We are not just legislating on people’s terms and conditions, and it is important for us not to legislate and get it wrong. What about people’s capability to do the job? Are people over 60 expected to go into a burning building in the same way as they did when they were 26? John Hutton clearly does not think that they should do so if they work for a local authority, and the same should apply in this context. We should think not only about the person who is running into the building, but about the person who is inside waiting for him. That is why the Minister should change his mind.

Sajid Javid: The hon. Gentleman has made a good point, and made it well. It is important to consider the capability of each work force, especially in view of increased longevity, and to ensure that the retirement age is appropriate. That is what I expect the MOD to do, and that is what it is doing, but it should do it in the context of the particular scheme for each work force, rather than by becoming involved in the details of each work force that are affected by the broad changes introduced by the Bill.

We have a responsibility to look rationally at the costs of the proposed changes. The additional costs may appear small in comparison with the savings that the Government are making through their overall programme of pension reforms, but the Government consider them to be both unnecessary and significant. They are unnecessary because those concerned will continue to have access to the civil service pension scheme, which is an excellent scheme that many in the private sector, including those doing the most arduous or specialist work, would envy. They are significant because some early indications suggest that they could be as high as £10 million a year for the lifetime of the schemes. This expenditure would take money away from front-line servicemen and women, and from other important defence priorities.

Those who support the amendments may believe that the members should pay the cost of the reduced retirement age themselves. That would imply increased employee contributions and a potential average take-home pay cut of over 8%—although it would depend on the exact terms—which might not necessarily be welcomed by members of the forces.

As politicians, we should not be trying to set the fine detail of public servants' pension schemes on the Floor of the House. Rushing at it might lead to mistakes. As I hope I have made clear, I acknowledge that the issue deserves further consideration allowing time for discussions between employer and employee. We owe it to the DFRS and the MDP to get this right.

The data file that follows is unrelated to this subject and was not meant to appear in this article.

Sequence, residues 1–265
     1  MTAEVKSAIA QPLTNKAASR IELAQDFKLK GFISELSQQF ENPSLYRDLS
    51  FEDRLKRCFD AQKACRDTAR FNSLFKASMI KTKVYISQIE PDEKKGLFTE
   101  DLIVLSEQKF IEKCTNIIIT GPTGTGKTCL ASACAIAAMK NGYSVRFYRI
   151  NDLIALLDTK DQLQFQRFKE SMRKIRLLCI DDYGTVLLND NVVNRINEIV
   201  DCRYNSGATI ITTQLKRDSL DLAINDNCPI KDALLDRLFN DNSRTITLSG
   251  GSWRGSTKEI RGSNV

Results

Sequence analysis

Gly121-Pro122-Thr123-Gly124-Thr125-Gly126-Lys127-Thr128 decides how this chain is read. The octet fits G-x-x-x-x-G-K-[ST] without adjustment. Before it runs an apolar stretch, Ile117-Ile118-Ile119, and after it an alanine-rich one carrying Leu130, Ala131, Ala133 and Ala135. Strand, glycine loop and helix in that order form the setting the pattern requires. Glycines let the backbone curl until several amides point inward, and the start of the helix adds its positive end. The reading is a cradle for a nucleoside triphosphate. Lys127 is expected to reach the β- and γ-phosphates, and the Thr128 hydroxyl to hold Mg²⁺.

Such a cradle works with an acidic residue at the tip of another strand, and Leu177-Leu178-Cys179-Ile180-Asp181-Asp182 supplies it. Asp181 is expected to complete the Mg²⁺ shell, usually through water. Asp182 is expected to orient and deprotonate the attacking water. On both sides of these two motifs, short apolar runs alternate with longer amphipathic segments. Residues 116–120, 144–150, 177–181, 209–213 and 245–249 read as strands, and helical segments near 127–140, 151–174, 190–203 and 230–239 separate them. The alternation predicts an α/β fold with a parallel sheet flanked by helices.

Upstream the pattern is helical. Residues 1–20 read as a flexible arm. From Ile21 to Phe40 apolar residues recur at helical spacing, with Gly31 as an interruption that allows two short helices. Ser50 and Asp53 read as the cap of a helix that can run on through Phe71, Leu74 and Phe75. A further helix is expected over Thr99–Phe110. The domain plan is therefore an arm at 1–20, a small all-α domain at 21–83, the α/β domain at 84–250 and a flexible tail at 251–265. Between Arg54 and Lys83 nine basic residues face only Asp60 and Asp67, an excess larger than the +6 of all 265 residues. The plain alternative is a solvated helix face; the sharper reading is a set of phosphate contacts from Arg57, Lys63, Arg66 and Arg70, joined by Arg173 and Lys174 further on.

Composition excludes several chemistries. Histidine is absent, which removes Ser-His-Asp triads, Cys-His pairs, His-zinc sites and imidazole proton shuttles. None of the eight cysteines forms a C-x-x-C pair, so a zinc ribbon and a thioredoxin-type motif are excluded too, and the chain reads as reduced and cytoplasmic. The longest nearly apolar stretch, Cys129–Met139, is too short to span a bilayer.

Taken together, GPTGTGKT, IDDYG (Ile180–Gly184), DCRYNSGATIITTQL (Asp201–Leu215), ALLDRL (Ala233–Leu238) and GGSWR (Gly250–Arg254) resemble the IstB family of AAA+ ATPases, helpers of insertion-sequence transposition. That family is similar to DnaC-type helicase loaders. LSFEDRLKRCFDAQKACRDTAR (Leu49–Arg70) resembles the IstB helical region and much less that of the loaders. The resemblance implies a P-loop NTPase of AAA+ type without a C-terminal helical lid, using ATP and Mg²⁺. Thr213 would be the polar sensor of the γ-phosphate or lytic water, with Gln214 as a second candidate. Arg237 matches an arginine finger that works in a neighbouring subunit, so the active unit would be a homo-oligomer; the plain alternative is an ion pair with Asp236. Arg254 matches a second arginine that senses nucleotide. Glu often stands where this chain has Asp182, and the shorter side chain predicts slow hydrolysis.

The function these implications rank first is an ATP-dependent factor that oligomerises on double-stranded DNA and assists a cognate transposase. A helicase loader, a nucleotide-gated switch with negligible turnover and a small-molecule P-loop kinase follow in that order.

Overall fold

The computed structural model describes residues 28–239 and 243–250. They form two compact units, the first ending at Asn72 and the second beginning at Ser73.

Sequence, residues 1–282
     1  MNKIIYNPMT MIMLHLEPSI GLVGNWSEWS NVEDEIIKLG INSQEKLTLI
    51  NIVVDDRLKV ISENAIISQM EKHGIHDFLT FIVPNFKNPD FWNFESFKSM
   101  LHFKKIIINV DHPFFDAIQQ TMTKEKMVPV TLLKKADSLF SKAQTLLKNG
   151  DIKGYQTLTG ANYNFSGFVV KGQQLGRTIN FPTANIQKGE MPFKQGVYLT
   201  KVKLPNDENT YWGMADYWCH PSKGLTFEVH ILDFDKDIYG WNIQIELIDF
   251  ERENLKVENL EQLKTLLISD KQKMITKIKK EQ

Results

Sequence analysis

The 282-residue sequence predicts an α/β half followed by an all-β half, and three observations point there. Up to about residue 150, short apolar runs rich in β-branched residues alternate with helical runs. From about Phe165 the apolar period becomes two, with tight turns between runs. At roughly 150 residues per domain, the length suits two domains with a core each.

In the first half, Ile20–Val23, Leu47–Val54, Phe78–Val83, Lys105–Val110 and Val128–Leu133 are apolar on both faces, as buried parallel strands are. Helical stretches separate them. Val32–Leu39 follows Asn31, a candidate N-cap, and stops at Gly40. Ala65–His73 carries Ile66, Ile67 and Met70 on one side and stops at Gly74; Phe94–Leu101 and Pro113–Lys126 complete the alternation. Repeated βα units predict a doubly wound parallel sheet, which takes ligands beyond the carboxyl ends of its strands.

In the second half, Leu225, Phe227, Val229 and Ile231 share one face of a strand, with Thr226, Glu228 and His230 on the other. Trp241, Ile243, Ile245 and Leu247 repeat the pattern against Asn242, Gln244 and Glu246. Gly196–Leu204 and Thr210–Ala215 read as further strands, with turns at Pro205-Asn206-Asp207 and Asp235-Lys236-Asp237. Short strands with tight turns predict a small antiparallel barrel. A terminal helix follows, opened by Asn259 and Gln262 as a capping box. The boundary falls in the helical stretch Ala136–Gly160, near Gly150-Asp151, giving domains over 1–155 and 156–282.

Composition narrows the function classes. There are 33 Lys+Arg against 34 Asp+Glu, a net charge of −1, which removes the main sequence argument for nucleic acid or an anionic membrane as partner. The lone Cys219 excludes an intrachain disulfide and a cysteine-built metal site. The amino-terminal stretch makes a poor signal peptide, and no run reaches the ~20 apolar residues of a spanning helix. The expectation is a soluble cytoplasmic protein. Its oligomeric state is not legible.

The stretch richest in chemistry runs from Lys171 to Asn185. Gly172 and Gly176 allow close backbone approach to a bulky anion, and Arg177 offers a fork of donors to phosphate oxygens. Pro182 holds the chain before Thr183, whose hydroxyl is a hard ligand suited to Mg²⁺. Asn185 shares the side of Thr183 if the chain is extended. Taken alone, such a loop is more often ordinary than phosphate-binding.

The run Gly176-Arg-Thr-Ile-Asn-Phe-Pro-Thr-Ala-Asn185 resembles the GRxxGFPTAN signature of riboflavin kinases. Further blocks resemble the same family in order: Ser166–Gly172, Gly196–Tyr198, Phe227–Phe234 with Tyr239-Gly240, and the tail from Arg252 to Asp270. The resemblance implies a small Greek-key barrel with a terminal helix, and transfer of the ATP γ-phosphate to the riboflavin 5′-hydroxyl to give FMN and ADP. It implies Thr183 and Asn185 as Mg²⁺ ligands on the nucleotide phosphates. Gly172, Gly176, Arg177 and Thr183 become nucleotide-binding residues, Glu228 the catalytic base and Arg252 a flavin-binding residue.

Simon Hughes: What the Minister has just said is very helpful, provided that the Treasury too will be helpful if the negotiations between the unions and the MOD produce a different package. I understand the financial point, and I also understand that this is not just about

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retirement ages but about all the other benefits, which may be better than they are under the present arrangement. Can the Minister confirm that, if the MOD picks up the baton, the Treasury will not walk away and say “Nothing to do with us, guv”, but will continue to take an interest in the resolution of this outstanding bit of business?

Sajid Javid: What I can confirm is that the Treasury and the MOD are in exactly the same place. The MOD agrees with the terms that I am presenting today, and, as I have said, has made it clear that it will think about the issue. It has already written about it to members of the forces, as I would expect it to do in its capacity as the employer of these vital groups of workers.

The Government have not dismissed the claims of the DFRS or the MDP; far from it. The MOD has acknowledged in writing that there is a case for looking at their pension age to check that it is still appropriate.

Finally, there is a technical reason why the Government cannot accept these amendments as they currently stand. They would—unintentionally, I assume—confer powers on the Scottish Parliament and Welsh Assembly to make schemes for these civil servants. That would give new functions to devolved Administrations, without any proper consultation or consideration of whether that is the appropriate framework for managing the interests of these specialised work forces.